Ukraine's crucial debt talks hit new hurdle

GMT 16:14 2015 Wednesday ,05 August

Arab Today, arab today Ukraine's crucial debt talks hit new hurdle

Ukrainian President Petro Poroshenko
Kiev - AFP

Ukraine and its creditors hit a new stumbling block Wednesday after a new debt restructuring offer from Kiev and call for a "decisive" final meeting drew only a lukewarm response.

Sources close to both Kiev and the four big commercial debt holders told AFP that Ukrainian Finance Minister Natalie Jaresko's idea of holding a potentially definitive meeting in London on Thursday may have to be pushed back.

The cash-strapped former Soviet nation must strike a debt restructuring agreement before it is due to make principal and interest payments of more than $500 million on a Eurobond maturing on September 23.

Franklin Templeton and three other US financial titans own about two-thirds of the debt upon which Ukraine is trying to find savings of $15.3 billion over the coming four years.

That target is part of a $40-billion global package the International Monetary Fund patched up to help Ukraine weather an economic implosion that is being exasperated by the pro-Russian revolt in its industrial east.
Jaresko's office submitted Tuesday a revised offer to the bondholders that it said was "fully in compliance with the targets of the IMF-supported programme."

"This week will be decisive for the negotiations," the Ukrainian finance ministry said.

The two sides have spent more than four months arguing over how much of the bonds' face value could simply be written down due to Kiev's evident cash constraints.

Ukraine had initially sought a 40-percent cut. The main lenders this month came out with a counter-offer that would see a reduction of between five and 10 percent of the assets' original value under very strict terms.

Sources said the two sides were also at odds over the length of a possible debt maturity extension.

One person said the lenders want to see Kiev start making repayments as soon as it returns to growth. Another official said this issue was not as vital to the discussions as the write-off.
It was not immediately clear where the possible middle ground in the negotiations stood.

But a source close to the so-called Ad-hoc Committee of Noteholders to Ukraine said it viewed a meeting in London on Thursday as premature.

The person close to the bondholders said the four chief US negotiators were dissatisfied with Jaresko's latest proposal and believed that the 48-hour notice given was insufficient.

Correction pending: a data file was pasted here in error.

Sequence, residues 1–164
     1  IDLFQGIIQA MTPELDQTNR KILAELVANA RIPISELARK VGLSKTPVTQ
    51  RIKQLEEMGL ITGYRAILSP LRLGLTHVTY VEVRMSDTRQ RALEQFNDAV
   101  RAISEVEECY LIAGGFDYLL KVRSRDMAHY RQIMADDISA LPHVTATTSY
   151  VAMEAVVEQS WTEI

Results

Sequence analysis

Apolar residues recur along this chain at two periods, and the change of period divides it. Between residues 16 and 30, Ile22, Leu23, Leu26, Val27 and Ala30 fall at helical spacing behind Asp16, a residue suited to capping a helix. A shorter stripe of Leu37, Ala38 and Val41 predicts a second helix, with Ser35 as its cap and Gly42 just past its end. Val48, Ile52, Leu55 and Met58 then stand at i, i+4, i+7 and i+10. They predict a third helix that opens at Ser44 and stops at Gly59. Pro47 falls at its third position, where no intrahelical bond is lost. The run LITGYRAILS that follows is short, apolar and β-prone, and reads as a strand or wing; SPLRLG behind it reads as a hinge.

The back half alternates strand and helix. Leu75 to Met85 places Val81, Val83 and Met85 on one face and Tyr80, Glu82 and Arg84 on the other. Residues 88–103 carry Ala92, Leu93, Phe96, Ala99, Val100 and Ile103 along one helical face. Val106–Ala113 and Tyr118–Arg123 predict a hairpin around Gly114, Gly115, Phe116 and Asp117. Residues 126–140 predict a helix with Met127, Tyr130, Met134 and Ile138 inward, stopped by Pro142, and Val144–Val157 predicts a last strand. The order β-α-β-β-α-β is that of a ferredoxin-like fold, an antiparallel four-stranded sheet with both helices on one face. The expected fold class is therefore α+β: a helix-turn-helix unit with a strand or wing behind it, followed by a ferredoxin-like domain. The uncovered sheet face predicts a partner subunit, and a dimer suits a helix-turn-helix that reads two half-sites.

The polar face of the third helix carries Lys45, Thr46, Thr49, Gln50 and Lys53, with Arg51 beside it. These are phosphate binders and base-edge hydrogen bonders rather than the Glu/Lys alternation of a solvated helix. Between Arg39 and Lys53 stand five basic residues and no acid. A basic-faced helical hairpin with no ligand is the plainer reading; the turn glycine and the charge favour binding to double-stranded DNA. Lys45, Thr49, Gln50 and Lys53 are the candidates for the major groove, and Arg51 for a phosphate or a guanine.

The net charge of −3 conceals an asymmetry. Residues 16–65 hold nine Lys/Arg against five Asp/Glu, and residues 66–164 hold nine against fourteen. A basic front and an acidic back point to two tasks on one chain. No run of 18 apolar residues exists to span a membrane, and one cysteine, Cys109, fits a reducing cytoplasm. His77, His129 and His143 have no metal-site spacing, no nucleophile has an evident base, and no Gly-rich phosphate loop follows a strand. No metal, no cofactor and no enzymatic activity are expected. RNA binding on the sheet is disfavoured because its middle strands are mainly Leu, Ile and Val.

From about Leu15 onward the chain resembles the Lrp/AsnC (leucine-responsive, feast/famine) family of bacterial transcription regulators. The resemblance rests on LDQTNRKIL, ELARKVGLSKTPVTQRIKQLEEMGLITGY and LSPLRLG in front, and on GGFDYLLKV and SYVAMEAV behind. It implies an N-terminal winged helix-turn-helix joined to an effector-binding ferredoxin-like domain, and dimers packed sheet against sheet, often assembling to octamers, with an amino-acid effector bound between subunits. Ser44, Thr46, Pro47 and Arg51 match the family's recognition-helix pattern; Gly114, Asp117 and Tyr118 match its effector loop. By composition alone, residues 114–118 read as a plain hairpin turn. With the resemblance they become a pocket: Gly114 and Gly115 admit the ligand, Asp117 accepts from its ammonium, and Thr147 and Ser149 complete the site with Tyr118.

A source in Ukraine said the talks may have to be pushed back until the weekend. The person added that Jaresko was expecting to hear more details from the creditors later Wednesday.

- September 23 -

Kiev has used $4.2 billion of the $5.0 billion it has received from the IMF in the first half of the year paying off its past commitments.

Ukraine received a new $1.7-billion payment Tuesday and expects double that amount by the end of the year.

But economists fear that Ukraine's estimated debt to gross domestic product ratio of 135 percent is incompatible with an economic recovery in the short term.
The Fund therefore wants the Western leadership that emerged in the wake of last year's ouster of a Russian-backed administration to focus its resources on overdue economic restructuring measures that could lead to sustainable growth.

A source close to the negotiations said the terms of the IMF-led rescue meant that Kiev cannot make the September 23 repayment even if it had made the political decision to do so.

"If this payment, which is substantial, is made, it would make Ukraine unable to meet the IMF programme target –- to achieve $15.3 billion in savings in payments due in the programme term," the person told AFP.

"Essentially making that payment in full would push (Ukraine) over that target."

Economists believe that the current debt negotiations will thus determine how Ukraine slips into "technical default" next month.

A deal would probably shield Kiev from being declared in "default" by the major global credit rating agencies and help keep its costs of borrowing down.

Economists fear that failure to strike an agreement will push Kiev into unchartered territory in which it might even have its foreign assets seized.


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